The Elder Scrolls Online hands-on: trouble in Tamriel

Phil Savage


There are a set of features common to all main Elder Scrolls games. They've all been injected with a near-lethal dose of lore, they all start in a prison, and, once freed, they all offer the player an initially paralysing level of choice and freedom. The Elder Scrolls Online checks the first and second boxes perfectly. It's that third point - the freedom - where things start to get complicated.

After escaping the realm of Daedric uber-jerk Molag Bal, you emerge not into a vast and mysterious world of possibility, but instead a small island full of low-level questing. It's a moment that hammers home that, yes, this is an MMO, and one that mostly follows a much-trodden path. Mostly, but not always. TESO does, in places, evoke Skyrim; just not as you'll remember it. It's like a Hollywood remake of a favourite foreign film. For all the similarities, everything feels slightly off-kilter.

There are strong caveats for everything I'm about to say, and I think it's important to make them clear upfront. The most obvious is that TESO will be both long and broad. There are three factions, each with their own areas and quests leading to the level-cap. I've played a character from one of those factions - the Ebonheart Pact - for somewhere between 10-15 hours. For all I've seen, there's overwhelmingly more that I haven't.

It's also important to note that, for all my issues with the beta, none of them are about the game being either too much like an MMO or too much like Skyrim. I like MMOs. I like Skyrim. I was primed to enjoy TESO, whichever end of the RPG spectrum it settled on. The problem is that the combination treads an unnatural middle-ground of warring concepts. As a result, both sides suffer.

For instance, the freedom of exploration. Once I'd completed Tutorial Island, I was shipped off to a slightly larger post-tutorial area, before finally being let loose on the first of Ebonheart's five main zones. Here things opened up significantly. While I was still being hemmed in by the traditional MMO smattering of higher-level enemies, I at least had the space to explore a relatively large and unbroken area of the map. The question became what to do in it?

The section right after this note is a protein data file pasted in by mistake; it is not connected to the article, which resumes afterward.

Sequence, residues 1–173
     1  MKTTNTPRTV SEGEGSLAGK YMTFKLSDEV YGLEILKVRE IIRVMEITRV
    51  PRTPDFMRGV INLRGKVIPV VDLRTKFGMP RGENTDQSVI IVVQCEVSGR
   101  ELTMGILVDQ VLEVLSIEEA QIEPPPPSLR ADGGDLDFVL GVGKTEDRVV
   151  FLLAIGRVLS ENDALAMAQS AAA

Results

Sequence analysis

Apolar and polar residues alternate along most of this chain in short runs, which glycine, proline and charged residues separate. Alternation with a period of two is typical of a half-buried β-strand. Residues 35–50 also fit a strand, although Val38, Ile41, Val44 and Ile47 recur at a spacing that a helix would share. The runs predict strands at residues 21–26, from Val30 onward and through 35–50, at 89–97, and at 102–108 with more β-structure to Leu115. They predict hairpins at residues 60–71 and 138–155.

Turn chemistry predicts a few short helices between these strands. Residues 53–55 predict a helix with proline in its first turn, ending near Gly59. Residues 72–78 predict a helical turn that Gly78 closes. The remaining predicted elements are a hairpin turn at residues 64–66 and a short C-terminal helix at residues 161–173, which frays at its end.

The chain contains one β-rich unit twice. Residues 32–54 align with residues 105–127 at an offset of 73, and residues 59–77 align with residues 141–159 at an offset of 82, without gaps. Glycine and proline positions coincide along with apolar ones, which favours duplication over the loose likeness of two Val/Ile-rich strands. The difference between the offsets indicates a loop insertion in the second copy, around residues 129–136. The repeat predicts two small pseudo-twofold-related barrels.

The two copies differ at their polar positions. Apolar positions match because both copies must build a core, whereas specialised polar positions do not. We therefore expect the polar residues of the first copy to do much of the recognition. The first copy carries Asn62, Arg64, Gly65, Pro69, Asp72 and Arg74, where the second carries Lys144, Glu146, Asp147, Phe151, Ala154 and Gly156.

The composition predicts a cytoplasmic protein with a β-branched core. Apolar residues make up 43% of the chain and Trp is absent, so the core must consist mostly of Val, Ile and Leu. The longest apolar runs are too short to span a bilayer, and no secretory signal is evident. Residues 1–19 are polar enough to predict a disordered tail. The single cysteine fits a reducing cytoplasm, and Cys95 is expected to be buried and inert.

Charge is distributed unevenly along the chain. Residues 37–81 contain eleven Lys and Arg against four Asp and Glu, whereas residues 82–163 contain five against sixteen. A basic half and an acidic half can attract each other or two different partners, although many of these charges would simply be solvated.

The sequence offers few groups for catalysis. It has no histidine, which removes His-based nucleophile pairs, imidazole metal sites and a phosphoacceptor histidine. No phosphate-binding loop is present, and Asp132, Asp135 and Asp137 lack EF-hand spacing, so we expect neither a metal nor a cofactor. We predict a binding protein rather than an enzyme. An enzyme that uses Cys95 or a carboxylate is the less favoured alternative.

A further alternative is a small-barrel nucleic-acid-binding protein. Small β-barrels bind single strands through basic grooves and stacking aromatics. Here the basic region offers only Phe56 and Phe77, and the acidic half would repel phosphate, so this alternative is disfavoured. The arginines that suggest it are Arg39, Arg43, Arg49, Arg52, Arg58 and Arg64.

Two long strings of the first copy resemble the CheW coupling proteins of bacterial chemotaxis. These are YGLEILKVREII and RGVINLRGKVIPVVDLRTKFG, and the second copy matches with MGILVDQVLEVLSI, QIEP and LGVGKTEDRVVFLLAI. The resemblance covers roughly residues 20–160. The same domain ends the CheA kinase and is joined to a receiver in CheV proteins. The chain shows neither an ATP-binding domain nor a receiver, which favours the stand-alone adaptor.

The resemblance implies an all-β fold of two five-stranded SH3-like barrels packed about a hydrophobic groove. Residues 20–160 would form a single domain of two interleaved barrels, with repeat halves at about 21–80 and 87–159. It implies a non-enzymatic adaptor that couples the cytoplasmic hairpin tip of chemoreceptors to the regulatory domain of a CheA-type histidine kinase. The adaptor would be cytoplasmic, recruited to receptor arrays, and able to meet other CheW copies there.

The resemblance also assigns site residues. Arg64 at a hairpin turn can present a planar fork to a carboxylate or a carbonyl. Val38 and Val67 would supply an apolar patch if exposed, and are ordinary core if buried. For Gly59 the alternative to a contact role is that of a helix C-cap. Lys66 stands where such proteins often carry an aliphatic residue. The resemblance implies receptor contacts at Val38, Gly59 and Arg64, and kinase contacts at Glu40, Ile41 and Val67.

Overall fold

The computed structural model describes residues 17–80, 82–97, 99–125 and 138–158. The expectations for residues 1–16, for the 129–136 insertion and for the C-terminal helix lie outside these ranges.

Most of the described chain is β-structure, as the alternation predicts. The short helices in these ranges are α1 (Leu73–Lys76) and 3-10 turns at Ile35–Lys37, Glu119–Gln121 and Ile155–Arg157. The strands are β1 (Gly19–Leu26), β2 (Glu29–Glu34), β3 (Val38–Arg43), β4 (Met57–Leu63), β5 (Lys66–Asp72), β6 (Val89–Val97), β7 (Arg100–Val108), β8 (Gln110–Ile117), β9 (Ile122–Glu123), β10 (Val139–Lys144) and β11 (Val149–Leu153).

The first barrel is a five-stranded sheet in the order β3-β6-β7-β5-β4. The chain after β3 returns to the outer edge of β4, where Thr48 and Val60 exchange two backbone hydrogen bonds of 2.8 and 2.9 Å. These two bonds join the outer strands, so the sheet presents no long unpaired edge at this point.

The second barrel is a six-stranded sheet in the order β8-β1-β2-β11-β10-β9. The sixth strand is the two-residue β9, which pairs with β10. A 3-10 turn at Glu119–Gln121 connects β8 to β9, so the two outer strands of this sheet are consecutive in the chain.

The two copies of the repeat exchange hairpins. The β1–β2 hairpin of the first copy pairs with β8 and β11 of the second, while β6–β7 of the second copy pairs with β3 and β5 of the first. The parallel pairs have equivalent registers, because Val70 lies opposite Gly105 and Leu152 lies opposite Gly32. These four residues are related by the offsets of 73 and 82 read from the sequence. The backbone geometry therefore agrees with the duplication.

The answer was questing. There are some collectibles hidden around the map - crystals which, when enough have been found, give you extra skill points to assign. For the most part, though, there was no sense that exploration would be rewarded with some entertaining or mysterious secret. I quickly fell into the MMO routine: hunting out the blue quest-giver arrows on the compass, accepting their task, and checking off a laundry list of actions. Eventually, I became more focused on my own basic character progression than in finding myself immersed in the setting.

It doesn't help that the world feels stiff and rigid. Even the swaying of trees is barely perceptible, giving my faction's environments an almost sterile quality. That lifelessness was an unfortunate theme of the time I spent in TESO, seen in the disinterested voice acting of minor quest-givers; the way warring soldiers would ineffectually swipe at each other in perpetuity (or at least until a player stepped in); and the bizarre celebration after I defended Davon's Watch, in which groups of three NPCs would line up for some unconvincing fist pumps.

On the plus side, the game does interesting things with the scale of the world. Because of the choice between first-person or over-the-shoulder third-person viewpoints, your perspective is much closer to your characters. Wandering through the city of Davon's Watch, I was impressed by how large it felt. When the game's released, and the zone's are filled with players, it's easy to imagine the world feeling bustling with activity.

Quest design seems to rank on the better end of MMO busywork. Yes, there are plenty of fetch quests but, in grand Elder Scrolls tradition, many take you to new caves or abandoned ruins. Better still, I encountered few "kill X thing" quests, and was even given some unexpectedly inventive tasks. I freed a prisoner from a crazed ice wizard, stole valuable wine from a tavern, and had the obligatory meeting with Sheogorath. At its best, The Elder Scrolls Online seems able to capture the silliness that often surfaces in the series' singleplayer outings. But even these high points are soured by my biggest issue with the beta: combat.